How Meetings can make or break your Career

Published on 22nd August 2017 in Leadership

Insights that could change your career

Jack Welsh is one of the world’s most respected and celebrated CEOs. He transformed GE and revenues grew five-fold from $25 to $130 billion. Since retirement, he has become an author and visiting a professor at MIT’s Sloan School of Management. The below is a summary of his recent article that challenges the way you should behave in meetings.


Here are a couple of truths about meetings.

  1. Yes, meetings can be boring. Yes, there are usually too many of them, too often, that are too long. Yes, they are often circular in nature, i.e., conclusion-less. Everyone hates meetings unless it was you who called the meeting.
  2. Complaining about meetings is an enervating exercise that serves no useful purpose and will do nothing but hurt your career.
    So what can and should you do about meetings?
  3.  Change your attitude. And do it fast. While it may be tempting to tune out and just go through the motions, every time you have a meeting, you have an opportunity to elevate the conversation. You can’t get cynical about it. You can’t go to these meetings with, “Let’s see how it flies.” You have to come in ready to own it, with a clear picture of why you’re there, what you’re trying to deliver and where you stand on the outcome. If you come in fully prepared to add value, with a positive attitude and the data to take the discourse in the meeting to a new level, you’ll see that the meeting no longer feels like an exercise in clock-watching or multi-tasking.

After the meeting, give yourself a mirror-test appraisal where you ask:

  • Was my attitude energising or enervating?
  • Was my body language positive or negative?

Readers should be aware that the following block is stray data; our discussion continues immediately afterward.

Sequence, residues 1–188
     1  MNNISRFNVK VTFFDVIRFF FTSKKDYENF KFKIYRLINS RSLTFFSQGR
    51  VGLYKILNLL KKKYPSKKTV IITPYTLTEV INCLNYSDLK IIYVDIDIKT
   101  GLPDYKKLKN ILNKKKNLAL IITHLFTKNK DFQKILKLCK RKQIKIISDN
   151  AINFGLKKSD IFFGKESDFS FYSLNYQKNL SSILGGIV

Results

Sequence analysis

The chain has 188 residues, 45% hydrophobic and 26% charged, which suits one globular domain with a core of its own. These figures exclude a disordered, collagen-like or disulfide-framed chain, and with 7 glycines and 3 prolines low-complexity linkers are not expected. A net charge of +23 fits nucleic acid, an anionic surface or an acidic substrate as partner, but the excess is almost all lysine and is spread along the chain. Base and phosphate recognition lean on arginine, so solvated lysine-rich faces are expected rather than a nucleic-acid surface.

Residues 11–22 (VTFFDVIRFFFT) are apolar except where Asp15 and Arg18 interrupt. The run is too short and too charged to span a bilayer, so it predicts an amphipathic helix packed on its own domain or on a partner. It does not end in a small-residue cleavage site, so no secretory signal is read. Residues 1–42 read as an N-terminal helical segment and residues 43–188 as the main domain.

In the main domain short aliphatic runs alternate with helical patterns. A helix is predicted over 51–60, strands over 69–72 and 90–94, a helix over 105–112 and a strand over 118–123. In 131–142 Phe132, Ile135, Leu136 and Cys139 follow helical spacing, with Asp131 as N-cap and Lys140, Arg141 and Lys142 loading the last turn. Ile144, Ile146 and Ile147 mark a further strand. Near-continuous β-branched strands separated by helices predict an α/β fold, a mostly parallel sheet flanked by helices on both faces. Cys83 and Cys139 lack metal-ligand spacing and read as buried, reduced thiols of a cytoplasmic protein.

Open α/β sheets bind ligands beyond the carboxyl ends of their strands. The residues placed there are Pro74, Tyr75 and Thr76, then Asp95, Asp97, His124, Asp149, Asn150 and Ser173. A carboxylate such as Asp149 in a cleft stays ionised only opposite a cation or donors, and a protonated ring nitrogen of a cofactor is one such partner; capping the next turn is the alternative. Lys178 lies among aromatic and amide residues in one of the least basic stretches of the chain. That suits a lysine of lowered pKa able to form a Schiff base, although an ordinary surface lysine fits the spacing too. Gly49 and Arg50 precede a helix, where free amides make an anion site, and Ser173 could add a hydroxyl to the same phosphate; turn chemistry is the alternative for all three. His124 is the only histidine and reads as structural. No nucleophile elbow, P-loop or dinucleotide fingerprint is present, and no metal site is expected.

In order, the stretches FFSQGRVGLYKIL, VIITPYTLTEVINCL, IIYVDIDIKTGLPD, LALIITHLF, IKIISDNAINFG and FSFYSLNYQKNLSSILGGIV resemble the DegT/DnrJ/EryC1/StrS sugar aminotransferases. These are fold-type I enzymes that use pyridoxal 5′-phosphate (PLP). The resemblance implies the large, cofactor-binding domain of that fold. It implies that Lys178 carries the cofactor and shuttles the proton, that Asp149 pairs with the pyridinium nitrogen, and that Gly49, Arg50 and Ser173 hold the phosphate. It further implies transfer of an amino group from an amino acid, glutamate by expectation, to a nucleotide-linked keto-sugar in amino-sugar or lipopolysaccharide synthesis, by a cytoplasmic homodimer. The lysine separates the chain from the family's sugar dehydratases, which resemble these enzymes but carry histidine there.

• Did I ask great questions?
  • Did I generate ideas?
  • Did I use data to make a point?
  • Did I listen to other people’s thoughts effectively and build on them?
  • Did I successfully influence the group to come to a key decision?
  • Did I truly contribute in a positive way and leave everyone in the meeting feeling good about my participation and attitude?

Think hard about your performance and give yourself a grade. If it’s too difficult to evaluate yourself, you might also ask a colleague or two for feedback, “How did I do in the meeting? What could I do better?”

Because the reality is, every time you go to a meeting, you’re getting a performance appraisal. Too often, people think of performance evaluations as being career-altering events once or twice a year. Just remember, every meeting, whether it be a budget review, a strategy session, a simple productivity session, or your team’s weekly status update is a performance review for you. Don’t let your feelings and behaviours in these encounters kill your career. They will, if you exhibit the negative characteristics above.

Instead, approach every meeting with a purposeful, high-energy, ready-to-make-a-contribution attitude, and watch how fast leadership’s perception of you follows your behaviour. Not to mention how much more meaningful your meetings become.

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